ONE IN A SERIES “Dead Gas Stations of the Permian Basin,” photograph by Bill Daniel.
Bill Daniel doesn't call the landlord when there's a hole in the roof. He just turns the damn house into a boat.
Filmmaker, collector, survivalist, and Texan, Bill Daniel has made a career out of the art of repurposing. His photography and collected ephemera represent a lifetime tracing fading graffiti, forgotten referents, and failing abodes. Though his work isn't limited to archived moments of marginal music from the Reagan era, a punk ethos haunts his investigations like a neck tattoo on a bank teller. In "Ground Score" he approaches his subject — the deterioration and resistance of the American South — with an unsentimental eye and marginal focus.
Thematically, Daniel deals in four settings: the collapsing Southern city, its teeming subculture, the offshore domain, and riding freight. Through black-and-white 8-by-10-inch print photographs and often-photocopied bricolage, Daniel's work so tirelessly plots the coordinates of a radical and itinerant life in the South that the final product becomes a city of its own. And compared to some of the places he's lived, this city — although conceptual — is presented as much more inhabitable.
If a single photograph of the charred structure of a former BP service station is a footnote, a series of them ("Dead Gas Stations of the Permian Basin 1-4") conjures a sort of battlefield. In another photograph ("Concealed, TX, 1996"), the message "Concealed Handgun Course Sept. 16th @ Aledo Comm Center 613-1273" is spray-painted on the walls of a tiny shack in what appears to be the middle of nowhere. In the "Sausalito Houseboat 2002" series, a harbored vessel attests to the Bill Daniel the raft-punk, another of his many paths off the grid.
Beyond the photos, much of what comprises the "Ground Score" installation appears to be fodder for a personal scrapbook. A lyric sheet of songs by an un-Google-ably obscure Texas band. A not-for-sale photograph of a telephone pole whereupon so many fliers were posted that its decorous stripes of old staples are treated as subject rather than frame. An egg-crate foam mounted on the wall contains the shape of such a familiar tarnish that it's understood as a makeshift mattress. On occasion, the tone shifts from survivalist to existentialist to apocalyptic, where the material world may be crumbling and vulnerable. In one instance, a piece of particularly vociferous religious propaganda advocating messianic mass suicide is juxtaposed against a Critical Mass pamphlet prophesying a bicycling spike after the next Katrina hits. An interactive installation piece is a "trading blanket," a marketplace of pocket offal (think business cards, a Cinnamon Brach's, a crushed half-pack of gum) heralded by a sign declaring "your money is no good here."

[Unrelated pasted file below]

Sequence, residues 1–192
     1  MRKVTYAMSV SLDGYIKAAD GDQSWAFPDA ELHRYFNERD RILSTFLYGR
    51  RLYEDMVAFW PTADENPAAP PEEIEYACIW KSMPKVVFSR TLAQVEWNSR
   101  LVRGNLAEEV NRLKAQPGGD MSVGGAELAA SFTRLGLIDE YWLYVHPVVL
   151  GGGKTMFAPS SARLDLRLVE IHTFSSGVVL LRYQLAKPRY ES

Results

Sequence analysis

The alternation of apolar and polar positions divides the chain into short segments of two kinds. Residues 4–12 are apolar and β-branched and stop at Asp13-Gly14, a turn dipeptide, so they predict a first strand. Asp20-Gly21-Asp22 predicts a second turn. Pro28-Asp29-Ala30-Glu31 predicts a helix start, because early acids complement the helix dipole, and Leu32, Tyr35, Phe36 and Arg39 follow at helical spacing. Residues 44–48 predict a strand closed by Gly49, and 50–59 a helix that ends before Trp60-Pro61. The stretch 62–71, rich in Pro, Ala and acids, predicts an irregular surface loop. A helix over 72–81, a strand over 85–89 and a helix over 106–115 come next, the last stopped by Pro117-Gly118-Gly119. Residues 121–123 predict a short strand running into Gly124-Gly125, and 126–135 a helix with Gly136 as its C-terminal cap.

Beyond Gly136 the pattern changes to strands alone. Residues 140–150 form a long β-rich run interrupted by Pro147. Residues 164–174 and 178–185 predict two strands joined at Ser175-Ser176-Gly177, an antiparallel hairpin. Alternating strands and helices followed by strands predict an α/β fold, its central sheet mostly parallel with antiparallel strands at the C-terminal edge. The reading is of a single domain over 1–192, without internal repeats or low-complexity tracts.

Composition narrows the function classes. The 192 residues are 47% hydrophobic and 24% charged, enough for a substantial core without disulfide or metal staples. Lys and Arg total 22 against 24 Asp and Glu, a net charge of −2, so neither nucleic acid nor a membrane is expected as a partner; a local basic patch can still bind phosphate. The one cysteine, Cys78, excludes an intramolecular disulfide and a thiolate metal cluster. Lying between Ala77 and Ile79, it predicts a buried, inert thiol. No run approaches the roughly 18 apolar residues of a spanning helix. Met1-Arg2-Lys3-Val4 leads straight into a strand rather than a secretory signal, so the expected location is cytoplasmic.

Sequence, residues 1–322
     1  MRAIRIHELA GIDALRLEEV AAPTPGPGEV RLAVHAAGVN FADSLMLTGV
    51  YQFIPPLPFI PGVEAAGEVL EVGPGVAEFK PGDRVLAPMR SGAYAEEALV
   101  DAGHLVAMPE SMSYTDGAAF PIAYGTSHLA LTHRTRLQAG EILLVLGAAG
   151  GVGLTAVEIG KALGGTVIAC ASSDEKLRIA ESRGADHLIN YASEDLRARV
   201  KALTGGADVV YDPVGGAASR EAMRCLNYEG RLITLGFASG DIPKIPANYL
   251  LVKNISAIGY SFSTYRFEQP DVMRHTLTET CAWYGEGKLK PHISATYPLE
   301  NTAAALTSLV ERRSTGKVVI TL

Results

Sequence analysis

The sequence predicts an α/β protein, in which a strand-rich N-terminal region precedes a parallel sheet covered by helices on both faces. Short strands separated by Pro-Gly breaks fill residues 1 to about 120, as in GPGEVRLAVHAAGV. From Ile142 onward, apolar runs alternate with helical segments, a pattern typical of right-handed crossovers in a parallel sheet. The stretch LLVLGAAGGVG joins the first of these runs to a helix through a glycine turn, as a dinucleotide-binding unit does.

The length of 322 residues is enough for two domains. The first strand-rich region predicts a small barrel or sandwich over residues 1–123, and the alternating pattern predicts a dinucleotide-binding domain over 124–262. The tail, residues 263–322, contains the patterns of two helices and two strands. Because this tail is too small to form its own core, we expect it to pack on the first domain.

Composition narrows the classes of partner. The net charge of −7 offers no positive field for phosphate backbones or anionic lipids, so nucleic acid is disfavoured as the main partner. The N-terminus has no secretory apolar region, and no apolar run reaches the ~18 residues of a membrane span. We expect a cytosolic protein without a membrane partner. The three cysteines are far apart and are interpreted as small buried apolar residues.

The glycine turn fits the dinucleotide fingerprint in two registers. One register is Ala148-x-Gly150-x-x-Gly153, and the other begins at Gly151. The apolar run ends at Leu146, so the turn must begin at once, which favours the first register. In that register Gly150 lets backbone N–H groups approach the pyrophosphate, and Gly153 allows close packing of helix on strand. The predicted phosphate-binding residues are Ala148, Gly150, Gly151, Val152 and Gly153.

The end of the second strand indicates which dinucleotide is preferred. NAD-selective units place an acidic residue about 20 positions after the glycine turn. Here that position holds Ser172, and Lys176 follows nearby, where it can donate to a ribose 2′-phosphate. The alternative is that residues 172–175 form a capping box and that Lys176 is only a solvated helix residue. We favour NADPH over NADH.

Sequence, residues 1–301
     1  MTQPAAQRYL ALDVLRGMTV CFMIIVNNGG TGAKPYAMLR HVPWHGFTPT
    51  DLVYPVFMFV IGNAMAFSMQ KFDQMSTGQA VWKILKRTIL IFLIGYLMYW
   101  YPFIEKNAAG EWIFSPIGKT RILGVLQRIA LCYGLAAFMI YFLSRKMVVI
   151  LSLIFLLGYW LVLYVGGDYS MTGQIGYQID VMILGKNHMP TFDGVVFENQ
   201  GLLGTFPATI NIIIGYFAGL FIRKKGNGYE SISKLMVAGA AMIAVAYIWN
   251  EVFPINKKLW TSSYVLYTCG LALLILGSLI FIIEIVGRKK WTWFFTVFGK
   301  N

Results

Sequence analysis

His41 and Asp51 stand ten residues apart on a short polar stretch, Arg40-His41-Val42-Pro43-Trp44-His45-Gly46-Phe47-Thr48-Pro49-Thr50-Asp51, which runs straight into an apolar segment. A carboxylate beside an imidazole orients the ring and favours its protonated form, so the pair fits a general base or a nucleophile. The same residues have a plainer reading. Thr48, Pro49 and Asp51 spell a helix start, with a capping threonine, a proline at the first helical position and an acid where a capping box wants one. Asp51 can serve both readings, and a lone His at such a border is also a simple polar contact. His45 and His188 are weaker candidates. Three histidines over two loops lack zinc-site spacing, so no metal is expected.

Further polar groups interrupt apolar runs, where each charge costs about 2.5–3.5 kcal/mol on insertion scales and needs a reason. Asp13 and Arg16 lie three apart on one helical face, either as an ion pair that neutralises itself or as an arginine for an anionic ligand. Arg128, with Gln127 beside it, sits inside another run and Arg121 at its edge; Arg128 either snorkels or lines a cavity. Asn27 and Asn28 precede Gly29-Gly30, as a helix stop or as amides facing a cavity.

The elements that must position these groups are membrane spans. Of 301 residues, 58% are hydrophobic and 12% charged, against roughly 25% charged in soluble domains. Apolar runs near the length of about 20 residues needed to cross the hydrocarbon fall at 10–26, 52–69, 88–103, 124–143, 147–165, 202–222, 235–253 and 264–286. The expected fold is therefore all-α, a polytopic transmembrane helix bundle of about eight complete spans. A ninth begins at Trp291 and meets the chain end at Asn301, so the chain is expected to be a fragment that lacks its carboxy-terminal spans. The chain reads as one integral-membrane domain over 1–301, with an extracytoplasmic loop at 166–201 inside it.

If Daniel's collection starts to seem like a slapdash paean to the joys of disorder, consider the alternative. The American steel, steam, and oil cities he has lived and worked in are becoming increasingly abandoned and destitute. "Ground Score" doesn't so much celebrate a punk lifestyle as simply present what he finds, in working order, a major contrast to the mainstream landscape. Indeed, the only actual activity to be found in "Ground Score" happens in dimly lit basements of thrashing youth — everything else is a monument of disutility, failure, or escape. In an American homeland full of leaks, Daniel is right to go underground.